Randy put a great deal of TLC into his yard, both the plantings and the pavings. The house sat on a big patch of dirt when he bought the house. It’s now surrounded by a beautiful assortment of trees and shrubs overlooking a lovely brick walkway.
He made sure his front porch was up to par, adorning those four windows with louvered cafe-style shutters that fold open across the bottom half of the pane, and close conveniently off to the side.
“I didn’t want that straight Colonial shutter, so I broke them up so they’re a little more interesting than a straight shutter,” Randy says.
Loving The Look
With his own green thumb and elbow grease — and Timberlane’s help — Randy achieved the look he envisioned for his home. Now, the house is getting looked at by all the tourists who flock to Apalachicola, hoping to take a trip back in time.
“I get a lot of compliments,” he says. “I get compliments on the yard and I get compliments on the shutters. People come from all over the county and bring their kids, so a lot of people go through the historic district looking at the homes. I’ll be out in my yard and they’ll stop by to have a conversation.”
No one has marched up and offered to buy the house, though, which is just fine by Randy. The home itself might not be settled, but he is, and he has plans to continue improving the property.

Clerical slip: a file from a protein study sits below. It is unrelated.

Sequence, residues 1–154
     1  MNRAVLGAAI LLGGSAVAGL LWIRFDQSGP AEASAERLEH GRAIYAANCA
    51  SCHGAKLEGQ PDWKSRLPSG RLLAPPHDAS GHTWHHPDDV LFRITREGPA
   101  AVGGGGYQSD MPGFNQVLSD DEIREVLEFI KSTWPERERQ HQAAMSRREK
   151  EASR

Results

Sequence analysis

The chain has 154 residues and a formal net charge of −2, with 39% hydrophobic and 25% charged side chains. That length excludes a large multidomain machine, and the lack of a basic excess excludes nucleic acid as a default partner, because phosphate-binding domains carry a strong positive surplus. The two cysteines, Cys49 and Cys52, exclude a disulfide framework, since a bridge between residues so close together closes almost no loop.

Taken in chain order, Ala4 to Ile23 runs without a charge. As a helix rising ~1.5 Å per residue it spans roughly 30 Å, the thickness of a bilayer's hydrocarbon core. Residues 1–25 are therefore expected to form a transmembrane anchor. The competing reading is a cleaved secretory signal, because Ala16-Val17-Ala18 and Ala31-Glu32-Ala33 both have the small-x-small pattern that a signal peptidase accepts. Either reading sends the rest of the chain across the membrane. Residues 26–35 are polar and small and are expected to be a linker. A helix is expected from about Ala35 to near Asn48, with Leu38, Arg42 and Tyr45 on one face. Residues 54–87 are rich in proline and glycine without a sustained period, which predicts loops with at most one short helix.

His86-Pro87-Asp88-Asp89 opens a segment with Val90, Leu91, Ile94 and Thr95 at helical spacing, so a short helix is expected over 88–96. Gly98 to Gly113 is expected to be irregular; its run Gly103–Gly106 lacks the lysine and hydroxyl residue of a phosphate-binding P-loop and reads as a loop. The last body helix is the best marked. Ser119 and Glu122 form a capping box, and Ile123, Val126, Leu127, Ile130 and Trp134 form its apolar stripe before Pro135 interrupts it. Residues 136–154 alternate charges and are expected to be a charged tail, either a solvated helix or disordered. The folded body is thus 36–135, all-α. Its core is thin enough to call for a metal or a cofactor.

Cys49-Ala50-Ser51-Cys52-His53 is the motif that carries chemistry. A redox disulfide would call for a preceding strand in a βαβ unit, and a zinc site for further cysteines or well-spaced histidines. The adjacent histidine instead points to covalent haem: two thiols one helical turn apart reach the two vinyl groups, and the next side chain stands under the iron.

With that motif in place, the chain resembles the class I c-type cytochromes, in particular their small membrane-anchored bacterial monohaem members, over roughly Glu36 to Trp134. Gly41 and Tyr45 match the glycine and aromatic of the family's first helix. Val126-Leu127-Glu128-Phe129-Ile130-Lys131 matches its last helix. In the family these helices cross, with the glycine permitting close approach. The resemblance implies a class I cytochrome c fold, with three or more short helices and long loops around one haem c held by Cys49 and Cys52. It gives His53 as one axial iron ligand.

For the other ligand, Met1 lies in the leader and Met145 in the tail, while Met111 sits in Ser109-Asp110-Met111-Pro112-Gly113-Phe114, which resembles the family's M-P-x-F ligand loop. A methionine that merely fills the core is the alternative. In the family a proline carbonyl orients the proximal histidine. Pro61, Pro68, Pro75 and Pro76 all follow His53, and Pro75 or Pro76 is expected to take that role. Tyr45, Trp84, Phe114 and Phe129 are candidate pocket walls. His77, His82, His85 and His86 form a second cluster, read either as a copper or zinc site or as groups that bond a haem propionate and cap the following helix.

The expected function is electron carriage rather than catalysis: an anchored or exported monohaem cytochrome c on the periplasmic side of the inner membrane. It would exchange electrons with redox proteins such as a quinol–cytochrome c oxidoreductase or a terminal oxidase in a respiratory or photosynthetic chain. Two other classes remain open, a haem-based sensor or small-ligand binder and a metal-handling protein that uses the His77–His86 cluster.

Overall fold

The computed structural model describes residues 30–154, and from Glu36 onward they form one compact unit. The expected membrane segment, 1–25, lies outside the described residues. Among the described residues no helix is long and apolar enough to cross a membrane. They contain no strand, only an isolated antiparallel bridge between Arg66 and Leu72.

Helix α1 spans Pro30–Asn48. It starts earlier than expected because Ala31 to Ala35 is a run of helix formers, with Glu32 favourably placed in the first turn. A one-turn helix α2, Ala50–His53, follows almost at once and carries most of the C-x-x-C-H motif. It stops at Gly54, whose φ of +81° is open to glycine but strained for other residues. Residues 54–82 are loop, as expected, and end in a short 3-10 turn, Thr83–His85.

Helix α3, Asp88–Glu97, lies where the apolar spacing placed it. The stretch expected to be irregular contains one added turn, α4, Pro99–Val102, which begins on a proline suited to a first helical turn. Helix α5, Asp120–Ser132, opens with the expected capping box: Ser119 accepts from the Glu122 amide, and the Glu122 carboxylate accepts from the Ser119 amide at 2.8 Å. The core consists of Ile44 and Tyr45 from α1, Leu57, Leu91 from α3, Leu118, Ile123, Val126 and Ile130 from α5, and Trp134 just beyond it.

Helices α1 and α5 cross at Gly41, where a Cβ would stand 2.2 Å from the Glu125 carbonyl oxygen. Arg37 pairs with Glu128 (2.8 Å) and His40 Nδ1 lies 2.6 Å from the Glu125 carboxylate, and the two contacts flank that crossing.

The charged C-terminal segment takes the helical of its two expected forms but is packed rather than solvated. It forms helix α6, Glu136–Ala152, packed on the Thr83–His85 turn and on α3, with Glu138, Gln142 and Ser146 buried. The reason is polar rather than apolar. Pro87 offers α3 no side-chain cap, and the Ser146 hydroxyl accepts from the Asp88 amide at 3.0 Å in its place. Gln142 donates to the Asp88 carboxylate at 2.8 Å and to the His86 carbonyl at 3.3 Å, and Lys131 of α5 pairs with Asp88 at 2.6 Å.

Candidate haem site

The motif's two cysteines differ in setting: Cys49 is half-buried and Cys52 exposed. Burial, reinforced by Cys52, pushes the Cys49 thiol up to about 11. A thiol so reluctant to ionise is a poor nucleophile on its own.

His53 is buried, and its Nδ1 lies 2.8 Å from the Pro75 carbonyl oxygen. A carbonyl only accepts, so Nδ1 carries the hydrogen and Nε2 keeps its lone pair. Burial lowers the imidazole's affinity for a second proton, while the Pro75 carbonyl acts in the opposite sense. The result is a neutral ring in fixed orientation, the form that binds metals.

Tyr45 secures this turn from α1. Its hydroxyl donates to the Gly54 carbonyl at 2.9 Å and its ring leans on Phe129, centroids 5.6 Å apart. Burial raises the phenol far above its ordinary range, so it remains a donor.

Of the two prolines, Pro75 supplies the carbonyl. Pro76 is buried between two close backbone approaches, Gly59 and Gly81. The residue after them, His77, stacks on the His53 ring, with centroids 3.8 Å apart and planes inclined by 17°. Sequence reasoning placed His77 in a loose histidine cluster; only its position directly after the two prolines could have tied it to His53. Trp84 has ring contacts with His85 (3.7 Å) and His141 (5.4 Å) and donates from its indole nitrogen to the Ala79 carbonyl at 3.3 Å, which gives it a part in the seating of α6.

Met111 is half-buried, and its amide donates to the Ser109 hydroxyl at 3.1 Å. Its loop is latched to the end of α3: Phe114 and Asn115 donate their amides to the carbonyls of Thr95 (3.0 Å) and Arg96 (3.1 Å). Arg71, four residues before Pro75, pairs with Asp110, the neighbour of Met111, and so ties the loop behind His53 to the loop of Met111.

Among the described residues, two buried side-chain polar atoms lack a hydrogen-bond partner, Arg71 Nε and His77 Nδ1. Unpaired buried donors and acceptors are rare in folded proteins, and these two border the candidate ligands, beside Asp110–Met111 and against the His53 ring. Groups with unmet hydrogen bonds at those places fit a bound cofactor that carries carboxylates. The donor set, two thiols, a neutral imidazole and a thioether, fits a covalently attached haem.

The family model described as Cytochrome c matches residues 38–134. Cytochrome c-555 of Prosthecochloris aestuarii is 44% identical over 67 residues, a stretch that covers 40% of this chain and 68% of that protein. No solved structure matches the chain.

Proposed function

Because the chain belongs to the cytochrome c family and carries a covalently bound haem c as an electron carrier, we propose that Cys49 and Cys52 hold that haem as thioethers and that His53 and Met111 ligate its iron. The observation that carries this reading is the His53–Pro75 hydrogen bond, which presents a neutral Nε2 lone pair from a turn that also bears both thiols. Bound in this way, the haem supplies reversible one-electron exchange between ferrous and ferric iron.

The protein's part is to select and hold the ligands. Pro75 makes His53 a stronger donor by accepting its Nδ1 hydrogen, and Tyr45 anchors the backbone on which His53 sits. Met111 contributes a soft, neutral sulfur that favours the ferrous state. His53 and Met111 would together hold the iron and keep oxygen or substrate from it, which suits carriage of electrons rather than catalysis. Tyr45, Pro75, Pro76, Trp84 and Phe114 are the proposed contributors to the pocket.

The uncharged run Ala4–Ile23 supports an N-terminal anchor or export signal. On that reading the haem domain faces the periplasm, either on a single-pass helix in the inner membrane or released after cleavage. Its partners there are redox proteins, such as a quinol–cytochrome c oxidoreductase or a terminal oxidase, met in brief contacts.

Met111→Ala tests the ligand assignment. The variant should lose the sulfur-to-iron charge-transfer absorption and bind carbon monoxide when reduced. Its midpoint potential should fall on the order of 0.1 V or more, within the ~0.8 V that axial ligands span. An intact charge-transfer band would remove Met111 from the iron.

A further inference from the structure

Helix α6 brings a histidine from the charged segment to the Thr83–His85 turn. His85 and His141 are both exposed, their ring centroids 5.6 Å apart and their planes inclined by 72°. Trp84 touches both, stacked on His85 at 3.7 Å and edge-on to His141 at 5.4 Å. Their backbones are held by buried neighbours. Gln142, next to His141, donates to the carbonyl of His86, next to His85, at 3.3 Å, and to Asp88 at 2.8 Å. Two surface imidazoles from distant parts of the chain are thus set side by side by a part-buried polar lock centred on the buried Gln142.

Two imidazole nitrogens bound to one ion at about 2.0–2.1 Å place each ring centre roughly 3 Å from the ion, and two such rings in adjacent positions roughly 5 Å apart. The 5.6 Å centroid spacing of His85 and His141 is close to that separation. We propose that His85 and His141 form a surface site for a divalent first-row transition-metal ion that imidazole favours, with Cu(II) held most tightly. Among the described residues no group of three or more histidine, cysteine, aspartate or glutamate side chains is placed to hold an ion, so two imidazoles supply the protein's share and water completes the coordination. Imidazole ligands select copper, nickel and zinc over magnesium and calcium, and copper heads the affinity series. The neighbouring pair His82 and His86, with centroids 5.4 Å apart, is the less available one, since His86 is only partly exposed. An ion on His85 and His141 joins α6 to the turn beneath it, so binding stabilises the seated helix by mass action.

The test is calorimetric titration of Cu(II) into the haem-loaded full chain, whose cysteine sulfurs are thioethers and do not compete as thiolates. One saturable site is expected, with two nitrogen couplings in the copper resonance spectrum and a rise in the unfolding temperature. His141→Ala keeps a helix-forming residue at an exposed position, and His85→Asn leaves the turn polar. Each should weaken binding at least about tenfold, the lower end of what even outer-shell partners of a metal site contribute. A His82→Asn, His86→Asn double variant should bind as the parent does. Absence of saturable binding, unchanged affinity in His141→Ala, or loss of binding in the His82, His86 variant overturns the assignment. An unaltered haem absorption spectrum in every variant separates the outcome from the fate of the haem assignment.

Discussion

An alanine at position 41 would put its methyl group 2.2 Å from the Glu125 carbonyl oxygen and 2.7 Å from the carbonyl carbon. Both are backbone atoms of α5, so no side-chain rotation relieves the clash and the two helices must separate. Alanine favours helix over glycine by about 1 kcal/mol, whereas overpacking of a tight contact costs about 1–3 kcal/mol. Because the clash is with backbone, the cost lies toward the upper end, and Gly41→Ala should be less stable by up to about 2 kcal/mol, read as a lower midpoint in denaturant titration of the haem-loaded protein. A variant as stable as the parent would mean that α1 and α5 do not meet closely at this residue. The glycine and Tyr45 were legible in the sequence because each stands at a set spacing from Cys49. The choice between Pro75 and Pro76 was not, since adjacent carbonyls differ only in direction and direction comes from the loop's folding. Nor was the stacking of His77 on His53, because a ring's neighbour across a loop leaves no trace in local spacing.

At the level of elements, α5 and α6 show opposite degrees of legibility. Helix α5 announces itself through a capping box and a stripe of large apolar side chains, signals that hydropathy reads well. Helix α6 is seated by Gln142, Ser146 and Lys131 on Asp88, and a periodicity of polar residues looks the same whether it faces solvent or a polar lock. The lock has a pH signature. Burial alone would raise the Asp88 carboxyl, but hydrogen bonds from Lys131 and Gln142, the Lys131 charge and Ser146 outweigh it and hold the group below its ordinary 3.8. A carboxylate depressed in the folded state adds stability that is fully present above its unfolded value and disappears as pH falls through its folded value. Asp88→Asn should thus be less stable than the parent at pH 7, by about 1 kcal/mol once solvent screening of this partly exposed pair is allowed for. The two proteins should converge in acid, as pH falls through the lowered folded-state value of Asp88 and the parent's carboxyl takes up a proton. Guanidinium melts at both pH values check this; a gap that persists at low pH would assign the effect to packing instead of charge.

“These old houses have to be a passion because they’re never done,” he says.
At the same time, he can’t help but take pleasure in how far the project has come.
“The jewelry on the outside of the house is the landscaping and the shutters,” he says. “And houses just look more, I would say, ‘finished’ with shutters. Also, it allows you to take a house that would be a fairly boring color and a fairly boring look if it didn’t have some pops of color, and it allows you to put pops of color on the house without getting so Victorian. I’m not big on Victorian architecture with like the 97 colors and the whimsical stuff, but I like a little pop of color. So the shutters allow color on the house and just make the house look more finished.”
Asked what his late wife, Judy, would think if she saw the house today, Randy’s response is, of course, quite matter-of-fact: “She would love it.”